BISHKEK (Reuters) - Kyrgyz elite security forces attempted to arrest former president Almazbek Atambayev at his house on Wednesday, but his supporters kept them at bay and killed at least one operative, local media and authorities reported.
Parliament accused Atambayev of corruption and stripped him of immunity from prosecution in June after he fell out with current president Sooronbai Jeenbekov in the former Soviet republic that is closely allied with Moscow.
The Kyrgyz State Committee on National Security confirmed its special forces unit was seeking to detain Atambayev at the village outside the capital Bishkek and had used rubber bullets.
An Atambayev-controlled television station, April, broadcast footage in which gunshots could be heard and armed men seen around the building wearing camouflage and bulletproof vests.
News websites 24.kg and Akipress.kg said operatives entered the house in Koi Tash village while a helicopter flew overhead.
They cited witnesses saying wounded people left the house.
But April’s correspondent at the site said Atambayev’s supporters overpowered security forces, while independent news website kloop.kg showed footage of them celebrating as they led disarmed men out of the property.
Kyrgyzstan’s Health Ministry said one security force member died in hospital from a gunshot wound to the chest.
About two dozen people were wounded, it added.
Later, several news websites posted footage of clashes between police and Atambayev supporters blocking the road towards his house in order to prevent a potential second raid.
Since Atambayev lost his immunity, police have repeatedly asked him to come in for questioning, which he has refused to do, dismissing the requests as illegal.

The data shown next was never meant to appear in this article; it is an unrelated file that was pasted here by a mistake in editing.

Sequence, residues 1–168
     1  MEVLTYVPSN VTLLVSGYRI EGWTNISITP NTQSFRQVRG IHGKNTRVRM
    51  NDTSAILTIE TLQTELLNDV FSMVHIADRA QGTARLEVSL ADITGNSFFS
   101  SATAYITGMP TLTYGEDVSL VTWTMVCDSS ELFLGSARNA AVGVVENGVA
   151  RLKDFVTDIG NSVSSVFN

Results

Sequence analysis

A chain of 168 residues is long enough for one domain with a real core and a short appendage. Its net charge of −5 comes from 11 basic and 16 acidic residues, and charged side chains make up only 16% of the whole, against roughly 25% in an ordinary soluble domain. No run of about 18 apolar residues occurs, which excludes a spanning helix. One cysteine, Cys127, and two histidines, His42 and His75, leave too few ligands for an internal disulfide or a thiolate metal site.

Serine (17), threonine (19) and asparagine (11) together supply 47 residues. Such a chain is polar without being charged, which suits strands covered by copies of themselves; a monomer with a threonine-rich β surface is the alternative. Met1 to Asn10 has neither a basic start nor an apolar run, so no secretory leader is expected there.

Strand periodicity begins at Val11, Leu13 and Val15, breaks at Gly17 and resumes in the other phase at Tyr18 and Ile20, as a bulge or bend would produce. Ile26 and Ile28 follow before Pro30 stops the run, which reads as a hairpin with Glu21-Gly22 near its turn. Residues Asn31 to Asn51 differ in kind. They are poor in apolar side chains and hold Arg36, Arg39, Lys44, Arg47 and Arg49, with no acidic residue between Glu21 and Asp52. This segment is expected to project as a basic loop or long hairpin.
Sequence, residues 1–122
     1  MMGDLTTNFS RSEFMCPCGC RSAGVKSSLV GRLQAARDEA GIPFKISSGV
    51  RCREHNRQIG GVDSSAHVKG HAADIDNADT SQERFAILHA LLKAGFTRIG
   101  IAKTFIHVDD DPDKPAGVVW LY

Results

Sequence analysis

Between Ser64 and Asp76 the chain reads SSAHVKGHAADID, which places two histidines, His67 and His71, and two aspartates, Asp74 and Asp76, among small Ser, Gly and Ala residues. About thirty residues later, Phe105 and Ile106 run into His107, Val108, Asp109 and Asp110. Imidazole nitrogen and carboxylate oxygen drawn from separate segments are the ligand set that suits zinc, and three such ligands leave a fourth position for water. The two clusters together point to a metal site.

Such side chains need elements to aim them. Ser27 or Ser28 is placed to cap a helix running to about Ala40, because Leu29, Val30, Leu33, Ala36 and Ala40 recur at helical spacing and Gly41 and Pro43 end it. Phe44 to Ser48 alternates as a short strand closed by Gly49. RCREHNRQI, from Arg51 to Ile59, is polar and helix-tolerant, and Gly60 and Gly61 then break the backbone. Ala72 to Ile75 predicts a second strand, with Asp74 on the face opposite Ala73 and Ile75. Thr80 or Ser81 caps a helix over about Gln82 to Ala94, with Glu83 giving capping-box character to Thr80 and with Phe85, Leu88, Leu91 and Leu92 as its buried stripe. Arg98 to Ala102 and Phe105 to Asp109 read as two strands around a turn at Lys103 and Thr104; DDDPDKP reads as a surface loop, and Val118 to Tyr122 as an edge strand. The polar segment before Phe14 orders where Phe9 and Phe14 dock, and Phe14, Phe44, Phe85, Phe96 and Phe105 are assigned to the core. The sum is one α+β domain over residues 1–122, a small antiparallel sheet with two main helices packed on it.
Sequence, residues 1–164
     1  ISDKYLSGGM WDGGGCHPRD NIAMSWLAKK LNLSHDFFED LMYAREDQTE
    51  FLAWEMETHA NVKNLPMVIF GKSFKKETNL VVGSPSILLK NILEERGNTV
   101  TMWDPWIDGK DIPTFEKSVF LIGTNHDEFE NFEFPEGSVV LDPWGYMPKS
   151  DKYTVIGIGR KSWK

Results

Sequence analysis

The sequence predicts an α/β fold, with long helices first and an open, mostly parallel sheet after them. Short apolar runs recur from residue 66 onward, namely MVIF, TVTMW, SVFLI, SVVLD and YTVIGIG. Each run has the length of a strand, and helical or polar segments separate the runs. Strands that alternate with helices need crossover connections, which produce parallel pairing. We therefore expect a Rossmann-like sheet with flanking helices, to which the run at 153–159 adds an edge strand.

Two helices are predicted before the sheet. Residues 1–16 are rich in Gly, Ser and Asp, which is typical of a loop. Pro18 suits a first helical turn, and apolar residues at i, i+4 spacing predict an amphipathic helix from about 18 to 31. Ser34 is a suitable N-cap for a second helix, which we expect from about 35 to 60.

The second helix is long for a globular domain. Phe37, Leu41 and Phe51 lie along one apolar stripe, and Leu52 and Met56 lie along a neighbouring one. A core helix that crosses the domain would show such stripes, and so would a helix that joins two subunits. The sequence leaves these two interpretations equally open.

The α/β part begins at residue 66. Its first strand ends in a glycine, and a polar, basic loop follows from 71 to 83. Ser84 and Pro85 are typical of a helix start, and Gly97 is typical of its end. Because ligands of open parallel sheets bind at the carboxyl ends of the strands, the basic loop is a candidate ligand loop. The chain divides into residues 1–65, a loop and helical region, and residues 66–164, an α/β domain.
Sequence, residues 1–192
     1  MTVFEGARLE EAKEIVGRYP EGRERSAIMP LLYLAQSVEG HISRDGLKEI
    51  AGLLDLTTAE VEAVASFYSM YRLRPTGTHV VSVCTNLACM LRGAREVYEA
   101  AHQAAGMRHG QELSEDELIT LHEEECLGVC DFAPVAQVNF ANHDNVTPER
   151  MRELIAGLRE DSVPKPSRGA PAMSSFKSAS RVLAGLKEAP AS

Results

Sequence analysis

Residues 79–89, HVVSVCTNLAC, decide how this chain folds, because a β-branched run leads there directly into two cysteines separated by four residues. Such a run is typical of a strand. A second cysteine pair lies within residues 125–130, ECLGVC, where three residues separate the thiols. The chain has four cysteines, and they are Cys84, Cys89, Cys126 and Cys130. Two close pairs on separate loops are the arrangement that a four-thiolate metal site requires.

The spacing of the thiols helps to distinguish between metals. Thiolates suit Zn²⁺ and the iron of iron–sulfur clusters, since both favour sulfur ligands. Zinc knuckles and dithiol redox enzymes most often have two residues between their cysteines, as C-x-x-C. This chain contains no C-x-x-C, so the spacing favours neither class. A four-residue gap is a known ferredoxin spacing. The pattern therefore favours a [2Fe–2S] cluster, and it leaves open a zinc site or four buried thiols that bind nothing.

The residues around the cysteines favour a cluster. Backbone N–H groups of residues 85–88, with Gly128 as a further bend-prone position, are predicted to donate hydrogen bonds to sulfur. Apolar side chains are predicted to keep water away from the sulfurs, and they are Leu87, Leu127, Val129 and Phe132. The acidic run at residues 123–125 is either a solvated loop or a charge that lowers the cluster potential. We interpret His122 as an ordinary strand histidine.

Atambayev met Russian President Vladimir Putin in Moscow in late July, but in a statement afterwards the Russian president expressed support for Jeenbekov.
Jeenbekov’s office said late on Wednesday he was urgently returning to Bishkek, having cut short a vacation. He called a security council meeting for Thursday morning.
Neither Atambayev nor the government gave an official version of the day’s events.
Jeenbekov, who came to power in 2017 with Atambayev’s support and used to be his close ally, sidelined his predecessor last year by reshuffling senior security officials and wresting control over the ruling party out of Atambayev’s hands.
Russia has a military air base in Kyrgyzstan and counts it among its closest political allies.
Atambayev, 62, has taken part in two violent revolts which overthrew his predecessors in 2005 and 2010 in the politically volatile Central Asian nation.
Reporting by Olga Dzyubenko; Writing by Olzhas Auyezov; Editing by John Stonestreet and Andrew Cawthorne